Relationship Rescue (pt 1)

27 01 2010

I realize we are reading through Exodus now, but there are a couple passages in Genesis that have not let go of my heart and mind.   I don’t know if you’re anything like me, but if you are, you probably had something like “can we say dysfunctional?” running through your head while reading the story of Jacob and Esau.  I mean, first the favoritism of one child over the other with the parents.  Then Esau sells his birthright for a bowl of soup.  But that’s not enough for Jacob, who proceeds to trick his blind, dying father; stealing Esau’s blessing.  Esau’s not just ticked off, he wants to kill his brother so Jacob runs away to escape…fast-forward through lots more deceit and family dysfunction, a few wives, children and flocks, years of separation, and the brother’s find themselves facing a reunion.

Chapters 32 & 33 gives us two great snapshots of the reunion picture.  Jacob, obviously is fearful that Esau will still be holding animosity against him for the way  he (Jacob) stole the blessing that Isaac had intended for Esau.  I think it’s safe to assume that Jacob spent some time in the years following the rift in their relationship reasoning out why he hadn’t really done anything all that terrible.  After all, Esau had sold him his birthright; fair and square.  The only reason he had to trick dear old dad was because dad was going to ignore the transaction and bless Esau anyway.  And besides, his mom told him to do it.  Wasn’t he supposed to obey mom?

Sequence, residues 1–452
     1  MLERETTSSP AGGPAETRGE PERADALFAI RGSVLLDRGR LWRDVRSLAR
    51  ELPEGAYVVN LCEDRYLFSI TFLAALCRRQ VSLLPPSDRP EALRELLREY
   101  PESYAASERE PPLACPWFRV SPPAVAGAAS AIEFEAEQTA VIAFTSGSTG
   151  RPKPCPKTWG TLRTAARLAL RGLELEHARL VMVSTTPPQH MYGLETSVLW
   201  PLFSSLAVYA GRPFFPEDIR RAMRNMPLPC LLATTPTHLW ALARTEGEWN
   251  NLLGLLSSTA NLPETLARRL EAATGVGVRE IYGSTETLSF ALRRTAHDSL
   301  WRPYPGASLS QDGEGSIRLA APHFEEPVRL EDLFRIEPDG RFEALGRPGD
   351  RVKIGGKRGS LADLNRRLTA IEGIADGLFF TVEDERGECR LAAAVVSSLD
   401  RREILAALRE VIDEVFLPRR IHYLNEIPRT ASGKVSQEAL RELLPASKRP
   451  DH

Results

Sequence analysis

It’s human nature to try and avoid responsibility when a relationship breaks down isn’t it?  We can almost always come up with a reason why our behavior was okay “under the circumstances.”  Lookout!  Whenever we find ourselves explaining something we have or haven’t done in a relationship, and we have to use that phrase, we undoubtedy shoulder a portion of the blame for the failure of that relationship.  See, right and wrong are not contingent upon circumstances or anyone else’s behavior.    Someone else’s wrong will never excuse my wrong.

By this point in the story Jacob recognizes that fact, he accepts that he has wronged his brother and that he has a responsibility to initiate reconciliation.  And so we read this little phrase in verse 21 of chapter 32; “So the gift was sent on ahead of him…”  He took a risk.  He reached out toward reconciliation.  He extended something valuable, with no guarantee of any return.   Esau could have taken what Jacob sent and not reciprocated.  He could have completely refused the gift, the risk was Jacob’s.

Relational reconciliation always involves risk.  When we come to a place of knowing that we must seek reconciliation in a broken relationship, we make ourselves vulnerable.  There are no guarantees.  But we have to be willing to send our gift on ahead.

In the relationships that are broken in our lives, what “gift” can we send ahead?  Color me a city girl, but I’m thinking that a herd of livestock might not say the same thing today that it said in BC days.  Today, in righting a wrecked relationship, the most valuable gift I know of is the gift of “I’m sorry, I was wrong.”  And that’s a risk isn’t it?  What if they don’t acknowledge their part in the break-down of the relationship?  What if they don’t send a “me too” back?  That’s the risk isn’t it?  Kind of reminds me of a story I read of a God who was so desperate to reconcile a broken relationship with mankind, even though man was 100% at fault for the break,  that He sent ahead the gift of His only Son…you’ve probably heard the story too.  Makes my risk in reconciling broken relationships, for which I bear at least partial responsibility, look small in comparison.

So who do I need to send my gift ahead to this week?  I’m asking God to show me.

In Part 2, I’ll look at Esau and his role and response in the reconciliation.  See you then.